The second largest city in Portugal, Porto is a major urban centre. Walking around Porto, historic and derelict buildings slot into the street frontages seamlessly.The dramatic landscape, varying levels and streaching out into fingers across the Rio Douro river, spectacular vistas appear suddenly at a turn.
The brief is to create an Architectural Museum and Archive to contain and display the work of national treasure Alvaro Siza and his teacher and collegues, Eduardo Souto De Moura and Frenando Tavora.
Existing public route from the Cathedral to the Metro
Buildings of significance
Commercial (Red) and Residential (Blue)
Existing connection from Cathedral to City
The ground of Porto is rugged with granite. Famous for the material, the majority of building in Porto incorporate granite elements. The project site is surrounded by natural exposed rock and is above Siza’s Metro S.Bento. Alvaro Siza creates architecture with the landscape at the forefront, as evident in the Leca Swimming Pools and the Boa Nova Tea House. This was the main inspiration for this project, to use the varying levels and rugged rock on the site to create a museum that encompasses Siza’s love of landscape.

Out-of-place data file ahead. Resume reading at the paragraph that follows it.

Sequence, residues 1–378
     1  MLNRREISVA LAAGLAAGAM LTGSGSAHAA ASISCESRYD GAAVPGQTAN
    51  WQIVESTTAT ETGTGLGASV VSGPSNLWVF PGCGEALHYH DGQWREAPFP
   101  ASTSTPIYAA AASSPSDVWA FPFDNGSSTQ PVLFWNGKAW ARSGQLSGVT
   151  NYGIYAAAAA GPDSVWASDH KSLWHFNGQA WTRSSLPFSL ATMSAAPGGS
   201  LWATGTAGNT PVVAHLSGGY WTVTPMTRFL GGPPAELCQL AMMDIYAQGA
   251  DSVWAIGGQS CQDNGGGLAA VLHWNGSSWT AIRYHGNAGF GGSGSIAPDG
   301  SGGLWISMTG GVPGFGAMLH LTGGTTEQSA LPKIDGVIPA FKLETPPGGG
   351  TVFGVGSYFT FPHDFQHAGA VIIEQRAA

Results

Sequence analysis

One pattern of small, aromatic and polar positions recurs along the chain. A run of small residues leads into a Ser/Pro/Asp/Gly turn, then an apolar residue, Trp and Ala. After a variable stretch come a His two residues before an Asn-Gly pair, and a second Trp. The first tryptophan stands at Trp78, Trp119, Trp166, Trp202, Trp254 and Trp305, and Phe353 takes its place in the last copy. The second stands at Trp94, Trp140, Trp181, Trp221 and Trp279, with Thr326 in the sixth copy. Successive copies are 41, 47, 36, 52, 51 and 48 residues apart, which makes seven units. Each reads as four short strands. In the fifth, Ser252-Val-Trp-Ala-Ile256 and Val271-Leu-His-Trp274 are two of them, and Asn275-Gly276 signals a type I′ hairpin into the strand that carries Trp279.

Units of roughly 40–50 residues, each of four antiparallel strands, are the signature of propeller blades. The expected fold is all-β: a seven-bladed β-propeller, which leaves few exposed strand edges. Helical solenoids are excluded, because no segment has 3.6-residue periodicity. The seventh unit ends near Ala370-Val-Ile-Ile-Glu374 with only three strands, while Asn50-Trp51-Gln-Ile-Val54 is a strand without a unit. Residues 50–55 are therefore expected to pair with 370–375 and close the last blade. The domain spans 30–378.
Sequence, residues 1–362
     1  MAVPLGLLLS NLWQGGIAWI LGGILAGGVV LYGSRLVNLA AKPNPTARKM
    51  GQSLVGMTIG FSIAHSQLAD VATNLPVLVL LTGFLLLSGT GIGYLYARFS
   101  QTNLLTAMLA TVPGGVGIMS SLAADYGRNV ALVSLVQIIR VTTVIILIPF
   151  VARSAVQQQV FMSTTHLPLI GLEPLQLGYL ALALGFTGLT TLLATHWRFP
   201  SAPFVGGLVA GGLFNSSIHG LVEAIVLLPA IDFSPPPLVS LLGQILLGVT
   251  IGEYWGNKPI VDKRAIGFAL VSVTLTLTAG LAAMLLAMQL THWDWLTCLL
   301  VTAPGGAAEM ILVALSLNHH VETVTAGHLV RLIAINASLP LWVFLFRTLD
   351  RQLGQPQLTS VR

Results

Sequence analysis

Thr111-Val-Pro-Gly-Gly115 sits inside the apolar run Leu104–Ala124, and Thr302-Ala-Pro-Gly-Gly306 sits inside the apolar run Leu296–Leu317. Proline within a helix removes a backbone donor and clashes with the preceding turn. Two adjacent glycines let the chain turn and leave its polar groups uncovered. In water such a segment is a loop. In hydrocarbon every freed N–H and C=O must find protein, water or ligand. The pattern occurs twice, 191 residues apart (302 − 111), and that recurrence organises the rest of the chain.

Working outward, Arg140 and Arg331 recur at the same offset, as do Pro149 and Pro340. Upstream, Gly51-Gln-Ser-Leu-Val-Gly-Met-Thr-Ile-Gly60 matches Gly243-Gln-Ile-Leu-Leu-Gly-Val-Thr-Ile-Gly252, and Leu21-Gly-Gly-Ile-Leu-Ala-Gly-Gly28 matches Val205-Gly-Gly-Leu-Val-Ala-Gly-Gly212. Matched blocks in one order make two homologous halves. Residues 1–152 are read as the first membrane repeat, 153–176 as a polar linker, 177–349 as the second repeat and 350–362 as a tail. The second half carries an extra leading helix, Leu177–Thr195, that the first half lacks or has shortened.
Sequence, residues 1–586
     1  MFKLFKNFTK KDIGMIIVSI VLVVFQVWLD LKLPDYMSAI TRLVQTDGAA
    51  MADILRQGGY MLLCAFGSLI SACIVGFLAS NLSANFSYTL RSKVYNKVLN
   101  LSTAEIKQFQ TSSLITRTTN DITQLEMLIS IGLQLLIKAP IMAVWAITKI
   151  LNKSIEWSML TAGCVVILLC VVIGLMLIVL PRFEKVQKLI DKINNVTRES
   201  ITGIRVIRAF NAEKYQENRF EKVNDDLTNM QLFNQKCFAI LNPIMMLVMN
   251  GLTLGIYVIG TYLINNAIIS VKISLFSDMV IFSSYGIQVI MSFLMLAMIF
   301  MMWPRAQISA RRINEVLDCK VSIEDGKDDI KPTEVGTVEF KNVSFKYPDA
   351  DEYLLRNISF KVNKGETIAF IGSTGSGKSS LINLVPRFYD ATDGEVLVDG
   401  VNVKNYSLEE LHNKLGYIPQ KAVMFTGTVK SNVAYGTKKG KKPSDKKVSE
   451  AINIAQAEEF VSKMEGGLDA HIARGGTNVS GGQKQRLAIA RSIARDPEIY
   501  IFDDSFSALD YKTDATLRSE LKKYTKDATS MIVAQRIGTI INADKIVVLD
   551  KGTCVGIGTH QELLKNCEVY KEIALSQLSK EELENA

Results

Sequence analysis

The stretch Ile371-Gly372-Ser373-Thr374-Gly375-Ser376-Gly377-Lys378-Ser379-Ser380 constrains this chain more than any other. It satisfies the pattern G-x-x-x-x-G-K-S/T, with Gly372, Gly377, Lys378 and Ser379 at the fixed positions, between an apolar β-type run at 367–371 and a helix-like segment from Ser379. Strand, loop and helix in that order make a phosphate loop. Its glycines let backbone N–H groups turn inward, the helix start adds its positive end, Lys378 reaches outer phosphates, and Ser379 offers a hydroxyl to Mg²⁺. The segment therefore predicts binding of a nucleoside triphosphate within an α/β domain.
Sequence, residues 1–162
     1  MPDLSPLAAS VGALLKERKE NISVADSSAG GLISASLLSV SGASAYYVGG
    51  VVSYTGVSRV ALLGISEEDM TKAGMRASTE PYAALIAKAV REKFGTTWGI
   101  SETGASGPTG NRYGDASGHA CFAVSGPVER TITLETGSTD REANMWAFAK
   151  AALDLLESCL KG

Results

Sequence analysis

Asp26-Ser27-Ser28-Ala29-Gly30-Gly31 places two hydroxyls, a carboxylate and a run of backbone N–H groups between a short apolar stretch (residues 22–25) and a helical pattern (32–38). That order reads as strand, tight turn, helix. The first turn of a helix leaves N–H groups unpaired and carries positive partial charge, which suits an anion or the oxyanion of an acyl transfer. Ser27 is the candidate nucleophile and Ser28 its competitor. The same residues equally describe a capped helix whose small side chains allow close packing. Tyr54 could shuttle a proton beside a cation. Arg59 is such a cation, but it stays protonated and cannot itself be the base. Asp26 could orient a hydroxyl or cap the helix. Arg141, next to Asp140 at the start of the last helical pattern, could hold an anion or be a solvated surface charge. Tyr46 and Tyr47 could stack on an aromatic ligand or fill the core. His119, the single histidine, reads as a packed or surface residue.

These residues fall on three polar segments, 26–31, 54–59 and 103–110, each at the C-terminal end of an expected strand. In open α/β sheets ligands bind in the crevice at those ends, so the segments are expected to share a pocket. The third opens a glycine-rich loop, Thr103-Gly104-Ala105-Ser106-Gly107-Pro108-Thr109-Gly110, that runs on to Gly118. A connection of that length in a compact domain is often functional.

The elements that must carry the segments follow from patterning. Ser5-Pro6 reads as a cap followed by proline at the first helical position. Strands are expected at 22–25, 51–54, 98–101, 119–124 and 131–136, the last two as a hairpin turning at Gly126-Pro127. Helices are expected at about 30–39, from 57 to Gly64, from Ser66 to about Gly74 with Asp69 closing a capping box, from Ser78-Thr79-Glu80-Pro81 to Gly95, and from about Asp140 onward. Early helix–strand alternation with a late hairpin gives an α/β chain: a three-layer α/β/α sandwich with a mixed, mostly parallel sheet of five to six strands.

The idea is to educate visitiors about Siza’s approach to design by inviting the landscape into the building. The form of the building is heavy to the elevation which faces the adjacent road and progressively becomes light towards the rocky landscape on the site. The overall form is also inspired by the Sao Bento Metro and expresses the idea of solid and void.
Modelling showing how light changes appearance of wall
Siza Museum : Development
View into dark, controlled part of the museum
Light filtered down from above
Circulation rising with stone wall
Throughout the project I used models to help understand the topography and levels of the site and to investigate materiality and texture. The design has a deliberate ‘heavy’ and ‘light’ sides, the heavy side being a dark and controlled environment for sensitive exhibitions; the light side is an exhibition in itself, exposing the rough rock.